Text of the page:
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discount is entitled to no evidential weight in ascertaining what 'a willing buyer would pay a willing seller'. . . ." Town of Secaucus v. Damsil, Inc., 120 N.J. Super. 470, 474 (App.Div.1972), certif. den. 62 N.J. 90 (1972). Similarly, we do not perceive that the legislature intended for cleanup statutes to affect "the true value" of such real property for assessment purposes. We hold that the cleanup cost is irrelevant in determining true value for assessment purposes within contemplation of N.J.S.A. 54:4-2.25.
Inmar further asserts that the regulatory effect of hazardous substances and waste legislation "run[s] with the land" and should be taken into account when determining the true value of the property. It argues that the cost of mandatory cleanup should be viewed as a business repair and should be considered in determining the true value of the subject property. Inmar analogizes its situation to those involving government police power restrictions: sewer requirements, Town of West Orange v. Estate of Maclyn Goldman, 2 N.J. Tax 582 (1981); the impact of a flood hazard area designation on building development, Halocarbon Products v. Boro. of South River, 1 N.J. Tax 294 (1980), aff'd 181 N.J. Super. 1 (App.Div.1981); and a government-imposed building moratorium, Cappture Realty Corp. v. Bd. of Adj. Elmwood Pk, 126 N.J. Super. 200 (Law Div.1973), aff'd 133 N.J. Super. 216 (App.Div.1975). See also Englewood Cliffs v. Estate of Allison, 69 N.J. Super. 514, 529 (App.Div.1961) (holding that there should be a deduction when assessing land which has been burdened by a restrictive covenant or easements for the benefit of the general public or another property).
The principles we distill from these cases are not helpful to appellant. All of the burdens placed upon the lands in those cited cases were imposed voluntarily by the owner or by government for the benefit of the general public. For instance, in Allison, which involved an easement for the public's benefit, the value of the servient property was reduced because it was burdened with the public right to use and enjoy the land as a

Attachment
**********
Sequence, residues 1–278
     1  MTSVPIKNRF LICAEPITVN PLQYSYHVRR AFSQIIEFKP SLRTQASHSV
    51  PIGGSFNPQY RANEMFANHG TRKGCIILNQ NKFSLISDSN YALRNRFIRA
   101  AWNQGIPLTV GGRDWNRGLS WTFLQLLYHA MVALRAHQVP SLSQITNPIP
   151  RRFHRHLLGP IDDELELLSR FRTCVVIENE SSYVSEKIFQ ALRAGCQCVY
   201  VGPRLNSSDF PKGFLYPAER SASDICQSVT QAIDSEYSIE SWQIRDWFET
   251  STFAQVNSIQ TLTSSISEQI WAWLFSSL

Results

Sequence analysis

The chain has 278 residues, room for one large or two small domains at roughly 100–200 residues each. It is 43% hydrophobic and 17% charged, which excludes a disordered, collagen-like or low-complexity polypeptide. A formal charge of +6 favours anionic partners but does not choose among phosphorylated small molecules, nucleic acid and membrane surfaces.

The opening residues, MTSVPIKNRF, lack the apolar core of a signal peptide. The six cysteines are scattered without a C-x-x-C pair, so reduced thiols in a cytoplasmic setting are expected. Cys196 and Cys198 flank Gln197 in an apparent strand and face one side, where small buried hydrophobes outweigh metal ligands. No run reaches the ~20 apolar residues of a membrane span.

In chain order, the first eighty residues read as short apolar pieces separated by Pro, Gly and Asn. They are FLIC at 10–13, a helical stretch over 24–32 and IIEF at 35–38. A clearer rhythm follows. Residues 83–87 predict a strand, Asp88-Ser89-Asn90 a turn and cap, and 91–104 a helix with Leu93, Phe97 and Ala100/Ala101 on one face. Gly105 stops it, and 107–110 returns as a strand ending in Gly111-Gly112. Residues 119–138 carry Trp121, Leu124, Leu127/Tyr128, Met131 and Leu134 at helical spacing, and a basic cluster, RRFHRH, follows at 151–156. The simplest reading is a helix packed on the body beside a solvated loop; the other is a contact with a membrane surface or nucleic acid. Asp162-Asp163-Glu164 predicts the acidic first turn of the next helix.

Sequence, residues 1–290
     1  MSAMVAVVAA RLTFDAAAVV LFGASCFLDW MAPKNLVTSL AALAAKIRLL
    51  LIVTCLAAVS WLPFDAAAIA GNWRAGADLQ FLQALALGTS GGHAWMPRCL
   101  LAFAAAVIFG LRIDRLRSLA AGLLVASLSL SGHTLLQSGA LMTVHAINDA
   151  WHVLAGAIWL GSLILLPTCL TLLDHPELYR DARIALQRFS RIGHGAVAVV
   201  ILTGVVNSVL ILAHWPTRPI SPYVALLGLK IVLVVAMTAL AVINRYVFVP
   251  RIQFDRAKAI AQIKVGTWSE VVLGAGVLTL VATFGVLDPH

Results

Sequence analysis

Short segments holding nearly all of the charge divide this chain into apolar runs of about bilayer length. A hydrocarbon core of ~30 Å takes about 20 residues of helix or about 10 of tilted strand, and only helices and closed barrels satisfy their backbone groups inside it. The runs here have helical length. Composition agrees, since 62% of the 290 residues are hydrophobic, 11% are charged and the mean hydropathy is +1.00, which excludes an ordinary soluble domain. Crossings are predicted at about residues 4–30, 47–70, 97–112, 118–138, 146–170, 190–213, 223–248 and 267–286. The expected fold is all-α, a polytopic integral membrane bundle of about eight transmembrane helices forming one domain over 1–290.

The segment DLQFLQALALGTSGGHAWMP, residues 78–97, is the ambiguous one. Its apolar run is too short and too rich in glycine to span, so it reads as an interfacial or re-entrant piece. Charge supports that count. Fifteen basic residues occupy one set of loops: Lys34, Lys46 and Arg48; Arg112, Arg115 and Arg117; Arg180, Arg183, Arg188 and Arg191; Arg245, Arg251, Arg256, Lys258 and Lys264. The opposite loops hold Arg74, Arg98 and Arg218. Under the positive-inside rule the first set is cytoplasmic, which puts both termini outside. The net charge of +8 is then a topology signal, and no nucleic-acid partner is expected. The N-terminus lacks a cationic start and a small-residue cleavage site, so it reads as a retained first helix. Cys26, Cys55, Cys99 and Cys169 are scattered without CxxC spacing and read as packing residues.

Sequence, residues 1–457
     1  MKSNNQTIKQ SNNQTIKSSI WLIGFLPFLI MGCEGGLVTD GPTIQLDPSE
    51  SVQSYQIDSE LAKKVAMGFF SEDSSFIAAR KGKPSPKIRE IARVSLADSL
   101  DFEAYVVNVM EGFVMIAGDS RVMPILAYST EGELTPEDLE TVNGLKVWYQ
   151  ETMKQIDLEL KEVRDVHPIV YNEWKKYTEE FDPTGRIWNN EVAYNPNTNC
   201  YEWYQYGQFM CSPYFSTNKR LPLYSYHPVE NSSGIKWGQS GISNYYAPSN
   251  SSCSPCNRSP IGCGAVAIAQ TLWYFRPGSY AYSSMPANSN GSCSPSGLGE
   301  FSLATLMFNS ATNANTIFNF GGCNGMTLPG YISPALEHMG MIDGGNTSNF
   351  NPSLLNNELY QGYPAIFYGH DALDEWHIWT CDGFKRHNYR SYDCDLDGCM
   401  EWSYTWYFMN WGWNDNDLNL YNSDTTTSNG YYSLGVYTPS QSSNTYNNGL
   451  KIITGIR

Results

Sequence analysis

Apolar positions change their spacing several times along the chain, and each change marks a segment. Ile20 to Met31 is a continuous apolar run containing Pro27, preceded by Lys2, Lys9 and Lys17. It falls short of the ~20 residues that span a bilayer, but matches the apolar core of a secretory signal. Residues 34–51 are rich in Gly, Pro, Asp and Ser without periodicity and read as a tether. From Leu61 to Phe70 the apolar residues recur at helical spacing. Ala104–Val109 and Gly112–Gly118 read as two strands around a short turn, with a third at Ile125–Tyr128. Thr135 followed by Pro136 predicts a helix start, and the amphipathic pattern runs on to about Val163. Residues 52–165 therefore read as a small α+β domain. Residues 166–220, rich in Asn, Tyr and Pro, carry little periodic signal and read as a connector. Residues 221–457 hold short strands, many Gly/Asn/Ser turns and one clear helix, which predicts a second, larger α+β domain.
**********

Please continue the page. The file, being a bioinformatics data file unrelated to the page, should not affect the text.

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public park. Therefore, when a property interest has been transferred to the public or to another's property for the benefit of another or for the public's benefit, the transferred property (the servient estate) should be excluded from the grantor's remaining property for tax assessment purposes. See Village of Ridgewood v. Bolger Foundation, 104 N.J. 337, 340 (1986); In re Appeal of Neptune Tp., 86 N.J. Super. 492, 499-500 (App.Div.1965); Allison, supra, 69 N.J. Super. at 530-531. Also, when a private easement appurtenant is created, the servient property's assessment may be reduced because the servient estate may be less valuable and the value of the property which benefited from the easement (the dominant estate) has been enhanced generally. Lipman v. Shriver, 51 N.J. Super. 356, 360 (Law Div.1958). Appellants in the present cases have not transferred any property interest to the public or to any other property. On the contrary, they have created health hazards to the general public and seek to transfer the remedial burdens to the public in the form of tax abatement.
Additionally, we believe that hazardous waste contamination is sui generis involving as it does, an unusual threat to health and safety of the public. See Ventron, supra, 94 N.J. at 493; Restatement, Torts 2d, § 519, comment d (1977). Basically, where police power is involved, government action is undertaken for the public good. Where the situation involves privately created contamination, remedial action is required because the private party intentionally or unintentionally disregarded the public good. It would indeed be incongruous for the Legislature to enact strict liability provisions for cleanup of hazardous wastes as it has done and at the same time intend that a polluter's tax assessment may be reduced because of the contamination. That would tend to encourage rather than discourage polluting which would be contrary to the legislatively formulated public policy of protecting the environment against toxic pollution. We do not perceive any legislative intent to permit an owner-created exemption to taxation based upon contamination by an owner or its tenant. Polluters can